I’m 26 now (what an old maid!) and I’m seeing him through different eyes. I think our relationship will always be complicated, but now at least I am confident that there will always be a relationship, and it will be on my terms.

When he watched me sobbing “you’re kicking me out!” he stood and watched. He told me to find a new place to live by the end of the month. I had a new place by that night but my doctor (who I talk to about emotional trauma for mental health reasons) suggested I go away for a weekend and think about it. I did, and the notion of not living with my dad anymore gave the knot in my stomach a rest. When the move to Kimberli’s house became official I wasn’t sure what sort of relationship we would have, if any at all. I only ever spoke to my mom for a long time. I slowly found empathy for my dad, which is something I will admit I had trouble affording him. He was just so horrible, I never wanted to feel sorry for him but selective compassion is not compassion. But as I grew up and began to see him complexly, as a man raised in a strict patriarchal society trying to raise good kids in a world that doesn’t understand him. It must have been hard coming to America and I had it so easy because of him. That is not worth nothing. And knowing he has anxiety now makes me relate to him better and understand the way he thinks.

I think there is something to be rekindled if he could just drop his old world misogynistic attitudes. Like don’t follow up a nice conversation with “When did you get so big? You used to be a skinny little thing.” I can deal with these things in small doses. The small doses are manageable, and I still get to have a dad.

But sometimes a small dose becomes a big dose like this weekend when you hope to spend a relaxing few days with the ‘rents and you end up with bigger under-eye bags than when you came.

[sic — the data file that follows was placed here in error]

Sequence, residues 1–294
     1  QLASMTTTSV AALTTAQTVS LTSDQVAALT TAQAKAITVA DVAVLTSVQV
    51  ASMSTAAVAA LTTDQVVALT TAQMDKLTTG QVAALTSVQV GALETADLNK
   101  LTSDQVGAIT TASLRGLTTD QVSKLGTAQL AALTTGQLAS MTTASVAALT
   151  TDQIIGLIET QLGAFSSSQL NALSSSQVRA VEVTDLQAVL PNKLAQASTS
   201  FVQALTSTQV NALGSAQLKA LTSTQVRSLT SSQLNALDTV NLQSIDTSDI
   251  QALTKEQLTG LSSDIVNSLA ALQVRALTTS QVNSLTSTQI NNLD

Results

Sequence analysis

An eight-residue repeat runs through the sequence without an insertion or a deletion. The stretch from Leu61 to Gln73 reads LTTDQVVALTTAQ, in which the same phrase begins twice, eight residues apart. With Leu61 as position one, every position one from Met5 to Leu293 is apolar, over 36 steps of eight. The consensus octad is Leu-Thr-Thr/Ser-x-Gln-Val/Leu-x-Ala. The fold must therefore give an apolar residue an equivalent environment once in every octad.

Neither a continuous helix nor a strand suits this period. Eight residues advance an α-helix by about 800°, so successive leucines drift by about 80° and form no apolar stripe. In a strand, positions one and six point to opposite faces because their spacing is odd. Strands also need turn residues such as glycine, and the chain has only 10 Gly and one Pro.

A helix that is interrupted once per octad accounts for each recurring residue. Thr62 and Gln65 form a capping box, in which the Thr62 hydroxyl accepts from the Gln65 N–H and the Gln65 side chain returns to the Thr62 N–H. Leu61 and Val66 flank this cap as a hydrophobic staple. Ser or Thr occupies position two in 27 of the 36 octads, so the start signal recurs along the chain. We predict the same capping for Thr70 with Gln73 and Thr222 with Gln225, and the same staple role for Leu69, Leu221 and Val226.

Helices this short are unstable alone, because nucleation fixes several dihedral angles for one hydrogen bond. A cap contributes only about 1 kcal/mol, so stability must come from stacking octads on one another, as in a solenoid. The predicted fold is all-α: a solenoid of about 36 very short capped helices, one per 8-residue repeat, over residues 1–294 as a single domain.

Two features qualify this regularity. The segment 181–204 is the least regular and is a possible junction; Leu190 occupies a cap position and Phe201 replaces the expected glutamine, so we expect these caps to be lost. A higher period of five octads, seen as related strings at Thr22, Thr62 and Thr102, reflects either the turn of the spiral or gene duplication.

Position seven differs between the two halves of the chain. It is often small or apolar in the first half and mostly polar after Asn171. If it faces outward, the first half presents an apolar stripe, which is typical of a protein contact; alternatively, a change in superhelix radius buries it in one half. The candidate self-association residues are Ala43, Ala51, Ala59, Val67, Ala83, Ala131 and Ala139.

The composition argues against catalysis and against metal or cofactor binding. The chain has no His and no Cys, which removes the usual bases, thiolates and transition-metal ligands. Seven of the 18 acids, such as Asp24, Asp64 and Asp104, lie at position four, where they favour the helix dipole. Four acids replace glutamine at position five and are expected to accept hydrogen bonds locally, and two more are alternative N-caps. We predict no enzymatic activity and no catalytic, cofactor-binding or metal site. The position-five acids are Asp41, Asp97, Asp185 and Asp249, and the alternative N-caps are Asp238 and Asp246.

In classic tradition my mom doesn’t let me go home without a few extra things. Here’s some swag:

Some St. Ives scrubbies, an adult colouring book ($12 holy shit Costco!), Marc Anthony argan oil (mom doesn’t use it), and some knee-high socks! Go mom, thanks for the swag!

Tomorrow is home day. I will get my friends and the cat pack and my lovely bedroom and I guarantee nobody will tell me I’ve put on some weight (because NO you’re not actually telling me what people say behind my back you’re actually just an asshole). I hope you all had lovely weekends! xo


One comment on “The Backfire (ft. Daddy Issues)

  1. Ariel says:

    ❤ Go you for being able to articulate these things. That's gutsy and brave. Sometimes, understanding & empathy makes things harder, not easier. It really sounds like you've come to a point where you're able to reconcile your feelings with your dad; maybe it's not perfect, but the attitude that comes through your writing seems to be what you need right now, and I'm happy for you.

    I am turning 29 in February and am also an old maid, so – solidarity in spinsterhood!